Some simple-looking graphics are the hardest to produce. In the month that I've spent as director for Infographics at Editora Globo (Sao Paulo, Brazil) and its weekly Época, the one above is among the best we've done. It's title is Waiting for Sanctity, and it deals with the fact that even if Brazil is the country with a largest number of catholics in the world, it only has 2 saints, with around 70 people waiting in line to be considered for that position. It was published right before the start of the Holy Week, in April.

It seems to be a pretty straightforward project. So why do I consider it special and why was it hard to produce?

Many of the graphics that we do and see every day in newspapers and magazines are based on information provided by an official source. Época, Globo's weekly news magazine, is no exception to that trend. Think, for instance, of those gorgeous infographics on the latest NASA spaceship, go to the bottom of them and see the sources. Bingo: NASA in 90% of cases.

Few graphics (too few, for my taste) are based on actual, original reporting. The saints graphic is one of those. Infographics with information that cannot be found anywhere else can make a difference in the current saturated news environment, so we should invest more on them. Maybe they won't win awards because they are not that flashy or innovative from a technical standpoint; in fact, this work relies on pretty basic and common forms: a table with pictures, bar charts, and a bubble map (proportional symbol, if you are a cartography nerd). This kind of job won't increase the number of colorful diplommas on your wall but, boy, what impact they can have on your readership: in general, I find a not-so-fancy graphic based on proper reporting more satisfying than another that's very beautiful and heavily illustrated with tons of 3D, animation, and interactivity, but based on information anyone can get from the Wikipedia.

So, the reporting. The first challenge in any project is to decide what the focus is going to be. Right, you know you want to do a graphic on brazilian saints, but that is not enough. You need a story, a focus to guide your research. And the story could be sumarized in this case as something like: "even if Brazil has the largest number of catholics in the world, it only has two saints; no pope has done anything to fix this situation. In fact, the two or three latest ones have sanctified hundreds of people in Asia, but only a few in South America". That's the evidence we wanted to make visible to our readers at a glance.

Based on suggestions I made on what to look for, most of the research for the graphic was made by Eliseu Barreira a very talented inten. The rest, the data that can be gathered from the Vatican and other easy-to-access sources (number of saints by country in the past two pontificates, chronology of saints by pope, etc.) was done in the graphics department. This doesn't mean it was not hard: the Vatican has just a list of names and biographies, not a good summary of how many saints belong to each country, so we had to painstakingly count them, as you can see in this page of my own notes:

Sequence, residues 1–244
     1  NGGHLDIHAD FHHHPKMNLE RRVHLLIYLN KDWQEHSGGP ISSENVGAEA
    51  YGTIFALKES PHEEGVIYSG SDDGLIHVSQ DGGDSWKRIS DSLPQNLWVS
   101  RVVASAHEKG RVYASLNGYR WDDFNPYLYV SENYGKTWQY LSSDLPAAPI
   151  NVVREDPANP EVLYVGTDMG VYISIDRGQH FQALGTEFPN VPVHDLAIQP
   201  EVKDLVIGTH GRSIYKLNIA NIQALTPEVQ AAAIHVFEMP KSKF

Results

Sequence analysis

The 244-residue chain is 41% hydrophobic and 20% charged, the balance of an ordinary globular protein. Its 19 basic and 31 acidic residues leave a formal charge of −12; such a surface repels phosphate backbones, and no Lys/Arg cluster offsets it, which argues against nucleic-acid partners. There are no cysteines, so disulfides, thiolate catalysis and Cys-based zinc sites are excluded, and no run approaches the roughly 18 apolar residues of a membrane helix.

Eliseu's work was to find out who the brazilian candidates in the canonization row are. Easy? Think again. There's not a database with all the names. You have to contact the dioceses that started the processes one by one by phone or e-mail. At the end, we could figure out the 36 most relevant ones, out of a total of 70 (we got that round number from one of our sources, an expert on these matters). Eliseu can take credit of 50% or more of the sucess of this piece!

After you get the information right, doing the graphic is pretty easy. Based on the preliminary research, I made some simple layouts in Illustrator. This is one of them (click on the image):


Marco Vergotti, head of the infographics department at Época, gave shape to the sketches; in one day after the reporting and planning was finished, we ended up with the version that was published in the magazine. As I said, I foresee that this won't win any awards, but who cares. It makes us feel proud! I believe it is an example of honest work: clear, simple, deep, and straight to the point (click on the image):


If you want to see more graphics we made that same week, download a complete report here (in Spanish).